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Childhood Lead Poisoning Prevention

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Childhood Lead Poisoning Prevention Staff

Links of Interest

Chatham County Childhood Lead Poisoning Prevention Rules
NC- Childhood Lead Poisoning Prevention Program Rules

EPA-Lead in Paint, Dust, and Soil

OSHA- Lead Safety and Health Topics

CDC- Lead Information

NSA- Lead Poisoning
NC Department of Environmental and Natural Resources- Lead Information

Lead Risk During Pregnancy 

North Carolina Rural Communities Assistance Project

Lead Free Kids

Elizabeth Fridley, RN, Child Health Nurse                                                    Telephone: 919-545-8388

Nellie Benitez, Lead Outreach Worker 
Telephone: 919-545-8340

Carl Kivett, REHS, Lead Inspector/Risk Assessor
Telephone: 919-542-8229

Lisa Morgan, REHS, Lead Inspector                                                                              Telephone: 919-545-8309

The Chatham County Public Health Department is dedicated to increasing lead testing of children under six and eliminating lead risks in the county. Studies show that elevated levels of lead greater than 5 micrograms per deciliter in the bloodstream adversely affect a child’s development and behavior.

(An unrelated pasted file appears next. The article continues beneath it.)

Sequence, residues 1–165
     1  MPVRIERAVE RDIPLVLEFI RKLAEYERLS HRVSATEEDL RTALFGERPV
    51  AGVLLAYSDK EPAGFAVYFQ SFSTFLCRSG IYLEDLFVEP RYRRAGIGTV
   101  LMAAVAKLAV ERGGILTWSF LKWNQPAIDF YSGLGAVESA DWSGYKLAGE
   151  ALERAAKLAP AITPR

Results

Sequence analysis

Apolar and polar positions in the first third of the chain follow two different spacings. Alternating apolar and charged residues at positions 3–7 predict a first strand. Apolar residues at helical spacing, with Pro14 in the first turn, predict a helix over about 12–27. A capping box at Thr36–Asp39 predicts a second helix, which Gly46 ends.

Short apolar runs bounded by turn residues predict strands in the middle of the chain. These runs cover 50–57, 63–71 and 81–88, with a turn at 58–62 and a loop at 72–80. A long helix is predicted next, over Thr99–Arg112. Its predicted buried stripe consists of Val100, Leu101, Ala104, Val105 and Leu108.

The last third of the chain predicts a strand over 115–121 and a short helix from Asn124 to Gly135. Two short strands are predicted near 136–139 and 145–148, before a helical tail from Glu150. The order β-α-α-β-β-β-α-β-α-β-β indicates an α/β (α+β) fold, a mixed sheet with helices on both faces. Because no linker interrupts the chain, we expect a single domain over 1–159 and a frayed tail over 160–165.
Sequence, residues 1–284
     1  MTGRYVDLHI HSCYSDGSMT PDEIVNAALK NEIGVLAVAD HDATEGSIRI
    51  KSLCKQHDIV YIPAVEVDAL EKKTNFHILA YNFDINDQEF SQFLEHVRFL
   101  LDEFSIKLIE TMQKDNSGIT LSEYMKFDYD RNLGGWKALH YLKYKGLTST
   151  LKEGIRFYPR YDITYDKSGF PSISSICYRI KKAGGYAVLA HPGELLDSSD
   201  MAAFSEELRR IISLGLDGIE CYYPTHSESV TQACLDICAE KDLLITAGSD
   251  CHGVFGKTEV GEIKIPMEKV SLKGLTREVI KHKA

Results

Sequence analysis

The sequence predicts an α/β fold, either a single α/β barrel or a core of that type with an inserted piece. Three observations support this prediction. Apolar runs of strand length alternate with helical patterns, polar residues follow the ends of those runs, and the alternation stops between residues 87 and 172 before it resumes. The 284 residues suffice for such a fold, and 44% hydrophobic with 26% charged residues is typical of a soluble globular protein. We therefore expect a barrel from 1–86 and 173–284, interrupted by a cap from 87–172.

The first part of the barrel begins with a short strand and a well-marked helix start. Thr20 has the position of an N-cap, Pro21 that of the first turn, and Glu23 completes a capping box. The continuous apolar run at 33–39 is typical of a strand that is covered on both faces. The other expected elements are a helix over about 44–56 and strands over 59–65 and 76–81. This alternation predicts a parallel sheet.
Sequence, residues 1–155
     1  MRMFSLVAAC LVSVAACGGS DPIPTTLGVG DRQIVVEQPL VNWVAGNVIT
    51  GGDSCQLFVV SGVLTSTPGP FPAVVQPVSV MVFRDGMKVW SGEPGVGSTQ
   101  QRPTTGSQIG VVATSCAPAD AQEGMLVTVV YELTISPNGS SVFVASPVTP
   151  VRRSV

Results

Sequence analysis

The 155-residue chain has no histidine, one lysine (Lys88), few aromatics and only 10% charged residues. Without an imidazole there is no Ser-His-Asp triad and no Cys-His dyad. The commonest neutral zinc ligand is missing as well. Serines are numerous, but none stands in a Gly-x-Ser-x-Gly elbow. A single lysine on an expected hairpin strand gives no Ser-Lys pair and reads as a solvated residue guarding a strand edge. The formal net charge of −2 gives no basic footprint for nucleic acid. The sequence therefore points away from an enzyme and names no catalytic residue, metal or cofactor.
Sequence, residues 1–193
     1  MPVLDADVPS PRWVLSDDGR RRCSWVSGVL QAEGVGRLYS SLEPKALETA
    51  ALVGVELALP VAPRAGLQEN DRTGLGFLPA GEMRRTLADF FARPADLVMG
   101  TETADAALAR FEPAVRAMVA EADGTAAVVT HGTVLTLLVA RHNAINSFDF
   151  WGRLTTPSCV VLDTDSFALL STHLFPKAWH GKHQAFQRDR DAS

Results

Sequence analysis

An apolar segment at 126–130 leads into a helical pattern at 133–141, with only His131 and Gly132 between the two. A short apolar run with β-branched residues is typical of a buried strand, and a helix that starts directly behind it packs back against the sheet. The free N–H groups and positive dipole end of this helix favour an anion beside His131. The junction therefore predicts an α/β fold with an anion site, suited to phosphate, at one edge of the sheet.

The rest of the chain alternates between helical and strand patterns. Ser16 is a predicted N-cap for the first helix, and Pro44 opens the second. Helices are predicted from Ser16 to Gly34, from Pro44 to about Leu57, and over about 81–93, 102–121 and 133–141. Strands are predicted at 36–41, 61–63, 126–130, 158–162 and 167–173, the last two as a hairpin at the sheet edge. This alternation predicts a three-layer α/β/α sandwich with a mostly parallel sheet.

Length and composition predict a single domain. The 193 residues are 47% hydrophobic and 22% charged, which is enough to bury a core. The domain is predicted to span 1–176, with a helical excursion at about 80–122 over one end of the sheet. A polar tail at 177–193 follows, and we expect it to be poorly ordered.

Affected children may show lower intelligence, antisocial behavior beginning around or before adolescence, and increased risk of Alzheimer’s disease and dementia later in life. All children should be tested for lead poisoning at one and two years using a simple blood test. Your pediatrician or nurse practitioner can perform the test using a small blood sample taken from a finger. If that first test is elevated, a more accurate test is done using a blood sample from the arm.

Lead can cause complications for women and their fetuses during pregnancy such as high blood pressure, premature birth, low birth weight, and although rare, lead can cause your pregnancy to end in a miscarriage or a still birth.

Old Paint

Paint peeling from wall


Your home may be at a hazard for lead exposure if:

  •  Home was built before 1978 when lead was used in paint
  •  Residents are exposed to lead in the workplace
  •  Home includes vinyl mini-blinds manufactured before 1997
  •  Children may be exposed to lead from contact with toys and car keys